HUMAN RIGHTS WATCH

Iran: Two More Executions for Homosexual Conduct

(New York, November 22, 2005) – Iran’s execution of two men last week for homosexual conduct highlights a pattern of persecution of gay men that stands in stark violation of the rights to life and privacy, Human Rights Watch said today.

On Sunday, November 13, the semi-official Tehran daily Kayhan reported that the Iranian government publicly hung two men, Mokhtar N. (24 years old) and Ali A. (25 years old), in the Shahid Bahonar Square of the northern town of Gorgan.  
 
The government reportedly executed the two men for the crime of "lavat." Iran’s shari`a-based penal code defines lavat as penetrative and non-penetrative sexual acts between men. Iranian law punishes all penetrative sexual acts between adult men with the death penalty. Non-penetrative sexual acts between men are punished with lashes until the fourth offense, when they are punished with death. Sexual acts between women, which are defined differently, are punished with lashes until the fourth offense, when they are also punished with death.  
 
“The execution of two men for consensual sexual activity is an outrage,” said Jessica Stern, researcher with the Lesbian, Gay, Bisexual and Transgender Rights Program at Human Rights Watch. “The Iranian government’s persecution of gay men flouts international human rights standards.”  
 
In addition to the two executions last week, there have been other cases of persecution and execution of gay men in Iran in recent years.  
 
“These abuses have created an atmosphere of terror for lesbians, gays, bisexuals and transgender people throughout Iran,” said Stern. “But arrest, torture and execution are not limited to gays and lesbians. Any group of people deemed ‘immoral’ becomes subject to state-sanctioned persecution and even murder.”  
 
In Iran, executions and lashings are regular means of punishment for a broad range of crimes, not merely same-sex acts. Judges often accept coerced confessions, and security officials routinely deny defendants access to counsel. Late last year, the Iranian judiciary, which has been at the center of many reported human rights violations, formed the Special Protection Division, a new institution that empowers volunteers to police moral crimes in neighborhoods, mosques, offices and any place where people gather. The Special Protection Division is an intrusive mechanism of surveillance that promotes prosecution of citizens for behavior in their private domain.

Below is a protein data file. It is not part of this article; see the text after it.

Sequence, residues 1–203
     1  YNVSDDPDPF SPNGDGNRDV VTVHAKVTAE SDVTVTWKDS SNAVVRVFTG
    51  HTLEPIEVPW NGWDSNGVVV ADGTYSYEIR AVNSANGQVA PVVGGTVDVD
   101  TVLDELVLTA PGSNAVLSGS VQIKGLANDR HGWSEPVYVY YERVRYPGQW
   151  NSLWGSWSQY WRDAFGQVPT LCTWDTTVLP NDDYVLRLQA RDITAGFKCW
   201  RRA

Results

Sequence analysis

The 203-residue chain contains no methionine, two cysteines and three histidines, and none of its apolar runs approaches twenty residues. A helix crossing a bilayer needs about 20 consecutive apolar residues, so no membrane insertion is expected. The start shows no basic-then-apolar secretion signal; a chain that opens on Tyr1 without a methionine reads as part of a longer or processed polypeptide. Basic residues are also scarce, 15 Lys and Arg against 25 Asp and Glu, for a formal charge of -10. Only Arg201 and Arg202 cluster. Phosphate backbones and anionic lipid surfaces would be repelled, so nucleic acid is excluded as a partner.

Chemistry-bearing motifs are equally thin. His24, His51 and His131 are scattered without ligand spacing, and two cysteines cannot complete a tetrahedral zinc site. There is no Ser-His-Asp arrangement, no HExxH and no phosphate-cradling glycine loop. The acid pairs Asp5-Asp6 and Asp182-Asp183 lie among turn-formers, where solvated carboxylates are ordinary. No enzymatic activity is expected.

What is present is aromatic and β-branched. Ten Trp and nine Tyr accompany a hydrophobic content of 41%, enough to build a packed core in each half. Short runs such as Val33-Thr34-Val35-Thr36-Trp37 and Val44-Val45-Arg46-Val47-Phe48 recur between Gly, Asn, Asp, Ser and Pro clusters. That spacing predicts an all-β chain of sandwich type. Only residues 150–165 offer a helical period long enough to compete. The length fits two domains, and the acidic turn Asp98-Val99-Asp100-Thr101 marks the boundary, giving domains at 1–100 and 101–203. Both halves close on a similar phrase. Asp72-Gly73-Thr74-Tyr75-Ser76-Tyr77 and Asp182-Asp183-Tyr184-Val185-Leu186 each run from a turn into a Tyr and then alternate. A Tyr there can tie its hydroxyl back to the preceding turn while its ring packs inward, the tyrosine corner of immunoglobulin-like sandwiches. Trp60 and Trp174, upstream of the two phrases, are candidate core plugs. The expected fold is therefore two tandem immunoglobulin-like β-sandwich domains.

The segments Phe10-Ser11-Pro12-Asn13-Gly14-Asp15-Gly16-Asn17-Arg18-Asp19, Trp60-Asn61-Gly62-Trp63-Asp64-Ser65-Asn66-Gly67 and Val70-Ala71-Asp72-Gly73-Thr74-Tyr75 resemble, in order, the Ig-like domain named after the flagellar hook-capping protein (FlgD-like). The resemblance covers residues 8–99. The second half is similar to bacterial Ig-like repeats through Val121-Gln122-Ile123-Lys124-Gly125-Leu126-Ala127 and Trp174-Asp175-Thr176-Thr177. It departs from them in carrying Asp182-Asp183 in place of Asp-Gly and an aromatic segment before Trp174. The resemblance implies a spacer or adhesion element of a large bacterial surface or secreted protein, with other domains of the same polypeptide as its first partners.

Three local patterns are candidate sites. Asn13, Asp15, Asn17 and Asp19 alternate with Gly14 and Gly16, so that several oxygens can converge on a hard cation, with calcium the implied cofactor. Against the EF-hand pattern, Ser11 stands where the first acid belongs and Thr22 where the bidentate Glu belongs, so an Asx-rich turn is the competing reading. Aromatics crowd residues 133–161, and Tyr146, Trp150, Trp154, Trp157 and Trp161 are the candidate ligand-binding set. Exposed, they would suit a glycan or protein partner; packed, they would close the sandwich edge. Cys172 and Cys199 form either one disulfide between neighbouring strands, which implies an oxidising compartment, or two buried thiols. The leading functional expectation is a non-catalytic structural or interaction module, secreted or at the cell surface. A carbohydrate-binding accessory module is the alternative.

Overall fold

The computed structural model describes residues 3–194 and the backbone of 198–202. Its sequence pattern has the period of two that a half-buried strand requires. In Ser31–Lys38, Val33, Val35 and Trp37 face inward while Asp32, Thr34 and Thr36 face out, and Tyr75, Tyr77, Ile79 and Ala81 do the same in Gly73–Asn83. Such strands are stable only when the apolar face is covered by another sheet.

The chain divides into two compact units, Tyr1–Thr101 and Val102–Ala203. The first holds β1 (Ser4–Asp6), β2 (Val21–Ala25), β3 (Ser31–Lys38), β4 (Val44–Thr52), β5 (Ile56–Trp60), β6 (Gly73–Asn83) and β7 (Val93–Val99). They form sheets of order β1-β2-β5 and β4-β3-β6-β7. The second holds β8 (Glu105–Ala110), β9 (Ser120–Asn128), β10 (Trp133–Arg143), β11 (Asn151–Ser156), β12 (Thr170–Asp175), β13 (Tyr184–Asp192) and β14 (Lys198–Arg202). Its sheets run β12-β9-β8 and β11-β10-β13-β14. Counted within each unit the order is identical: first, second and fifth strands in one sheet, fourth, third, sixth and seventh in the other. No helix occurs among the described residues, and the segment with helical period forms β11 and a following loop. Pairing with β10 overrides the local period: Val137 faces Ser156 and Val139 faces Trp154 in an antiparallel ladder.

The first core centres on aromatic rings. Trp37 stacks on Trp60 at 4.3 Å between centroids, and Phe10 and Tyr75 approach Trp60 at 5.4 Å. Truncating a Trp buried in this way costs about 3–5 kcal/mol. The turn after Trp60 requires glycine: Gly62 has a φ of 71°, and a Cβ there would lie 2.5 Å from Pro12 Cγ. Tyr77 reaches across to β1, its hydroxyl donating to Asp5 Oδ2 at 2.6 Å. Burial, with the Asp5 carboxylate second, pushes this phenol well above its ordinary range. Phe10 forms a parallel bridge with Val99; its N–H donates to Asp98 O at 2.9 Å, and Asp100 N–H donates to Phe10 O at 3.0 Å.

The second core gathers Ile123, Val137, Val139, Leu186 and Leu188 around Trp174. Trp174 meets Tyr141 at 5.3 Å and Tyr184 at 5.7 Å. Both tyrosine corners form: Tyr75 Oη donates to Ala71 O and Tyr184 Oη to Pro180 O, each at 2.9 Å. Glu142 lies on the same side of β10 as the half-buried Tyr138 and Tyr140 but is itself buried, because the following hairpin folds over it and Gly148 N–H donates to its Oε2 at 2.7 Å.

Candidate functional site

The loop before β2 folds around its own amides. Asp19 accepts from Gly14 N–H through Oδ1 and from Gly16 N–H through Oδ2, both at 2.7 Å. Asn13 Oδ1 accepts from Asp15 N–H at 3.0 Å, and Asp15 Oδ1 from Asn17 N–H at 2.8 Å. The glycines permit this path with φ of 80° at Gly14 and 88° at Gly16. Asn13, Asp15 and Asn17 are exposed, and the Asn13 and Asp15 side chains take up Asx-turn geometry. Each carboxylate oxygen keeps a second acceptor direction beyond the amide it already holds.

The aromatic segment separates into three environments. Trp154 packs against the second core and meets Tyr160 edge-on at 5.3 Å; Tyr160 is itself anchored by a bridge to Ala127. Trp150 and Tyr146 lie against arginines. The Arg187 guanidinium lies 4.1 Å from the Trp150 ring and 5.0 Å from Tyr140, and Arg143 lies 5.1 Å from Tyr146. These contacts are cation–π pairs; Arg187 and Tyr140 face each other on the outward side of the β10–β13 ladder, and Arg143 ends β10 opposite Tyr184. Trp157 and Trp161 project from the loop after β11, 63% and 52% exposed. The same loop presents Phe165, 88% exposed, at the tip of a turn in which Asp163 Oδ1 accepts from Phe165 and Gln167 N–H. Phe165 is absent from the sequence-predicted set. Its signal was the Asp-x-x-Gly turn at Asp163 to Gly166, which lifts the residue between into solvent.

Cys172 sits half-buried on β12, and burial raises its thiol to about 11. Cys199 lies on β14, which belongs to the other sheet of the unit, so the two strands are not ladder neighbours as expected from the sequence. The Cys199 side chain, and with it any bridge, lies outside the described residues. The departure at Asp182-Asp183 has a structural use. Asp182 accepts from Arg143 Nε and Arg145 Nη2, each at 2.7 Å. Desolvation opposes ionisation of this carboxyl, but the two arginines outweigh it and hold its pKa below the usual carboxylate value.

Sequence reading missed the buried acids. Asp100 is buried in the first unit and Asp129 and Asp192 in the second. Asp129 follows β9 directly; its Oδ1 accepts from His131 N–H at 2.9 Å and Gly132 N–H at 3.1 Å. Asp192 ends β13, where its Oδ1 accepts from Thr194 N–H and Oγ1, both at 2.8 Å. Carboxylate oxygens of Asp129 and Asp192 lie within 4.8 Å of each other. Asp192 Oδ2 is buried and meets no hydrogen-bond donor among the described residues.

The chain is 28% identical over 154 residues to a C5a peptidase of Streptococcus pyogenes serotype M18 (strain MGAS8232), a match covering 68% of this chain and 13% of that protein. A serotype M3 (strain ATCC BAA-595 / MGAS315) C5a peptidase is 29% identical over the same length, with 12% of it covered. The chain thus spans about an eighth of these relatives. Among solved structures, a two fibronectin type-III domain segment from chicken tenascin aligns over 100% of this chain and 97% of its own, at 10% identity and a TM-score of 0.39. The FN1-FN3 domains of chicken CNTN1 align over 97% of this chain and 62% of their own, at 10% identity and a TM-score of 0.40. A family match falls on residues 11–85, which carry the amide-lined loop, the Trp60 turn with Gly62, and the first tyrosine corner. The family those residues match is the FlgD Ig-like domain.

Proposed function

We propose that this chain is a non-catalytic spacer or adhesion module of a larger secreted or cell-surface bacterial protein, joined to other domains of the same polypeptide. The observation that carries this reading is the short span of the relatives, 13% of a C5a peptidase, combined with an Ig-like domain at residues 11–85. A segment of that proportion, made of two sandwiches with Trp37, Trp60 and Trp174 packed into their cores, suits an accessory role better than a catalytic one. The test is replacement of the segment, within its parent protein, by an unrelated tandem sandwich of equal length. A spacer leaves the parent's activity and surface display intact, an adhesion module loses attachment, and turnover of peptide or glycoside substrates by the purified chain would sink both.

Human Rights Watch called upon the Iranian government to decriminalize homosexuality and reminded Iran of its obligations under Toonen v. Australia (1994), the Human Rights Committee’s authoritative interpretation of the International Covenant on Civil and Political Rights, to which Iran is party. Toonen v. Australia extends recognition of the right to privacy and the right to freedom from discrimination on the grounds of sexual orientation throughout human rights law.  
 
Furthermore, Human Rights Watch urged Iran to reform its judiciary in accordance with principles for fair trials enshrined in both the Iranian constitution and international human rights law. Finally, Human Rights Watch called upon Iran to cease implementation of capital punishment in all circumstances because of its inherent cruelty, irreversibility, and potential for discriminatory application.  
 



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